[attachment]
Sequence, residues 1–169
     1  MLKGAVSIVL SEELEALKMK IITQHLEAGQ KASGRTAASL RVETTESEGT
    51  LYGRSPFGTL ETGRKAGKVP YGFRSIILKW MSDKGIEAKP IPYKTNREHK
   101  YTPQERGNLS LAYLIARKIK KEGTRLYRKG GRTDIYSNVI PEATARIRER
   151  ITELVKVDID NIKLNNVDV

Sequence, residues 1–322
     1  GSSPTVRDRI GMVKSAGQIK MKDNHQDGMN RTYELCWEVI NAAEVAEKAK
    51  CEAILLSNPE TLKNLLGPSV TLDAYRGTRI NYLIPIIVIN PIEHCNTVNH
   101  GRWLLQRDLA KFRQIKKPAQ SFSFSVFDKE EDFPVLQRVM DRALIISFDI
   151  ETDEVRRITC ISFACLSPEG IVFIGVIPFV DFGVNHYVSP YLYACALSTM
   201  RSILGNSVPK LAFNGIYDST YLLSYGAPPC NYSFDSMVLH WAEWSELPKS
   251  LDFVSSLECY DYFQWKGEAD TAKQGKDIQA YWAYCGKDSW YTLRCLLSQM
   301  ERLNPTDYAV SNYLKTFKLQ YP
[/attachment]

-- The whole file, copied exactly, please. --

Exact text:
Sequence, residues 1–169
     1  MLKGAVSIVL SEELEALKMK IITQHLEAGQ KASGRTAASL RVETTESEGT
    51  LYGRSPFGTL ETGRKAGKVP YGFRSIILKW MSDKGIEAKP IPYKTNREHK
   101  YTPQERGNLS LAYLIARKIK KEGTRLYRKG GRTDIYSNVI PEATARIRER
   151  ITELVKVDID NIKLNNVDV

Sequence, residues 1–322
     1  GSSPTVRDRI GMVKSAGQIK MKDNHQDGMN RTYELCWEVI NAAEVAEKAK
    51  CEAILLSNPE TLKNLLGPSV TLDAYRGTRI NYLIPIIVIN PIEHCNTVNH
   101  GRWLLQRDLA KFRQIKKPAQ SFSFSVFDKE EDFPVLQRVM DRALIISFDI
   151  ETDEVRRITC ISFACLSPEG IVFIGVIPFV DFGVNHYVSP YLYACALSTM
   201  RSILGNSVPK LAFNGIYDST YLLSYGAPPC NYSFDSMVLH WAEWSELPKS
   251  LDFVSSLECY DYFQWKGEAD TAKQGKDIQA YWAYCGKDSW YTLRCLLSQM
   301  ERLNPTDYAV SNYLKTFKLQ YP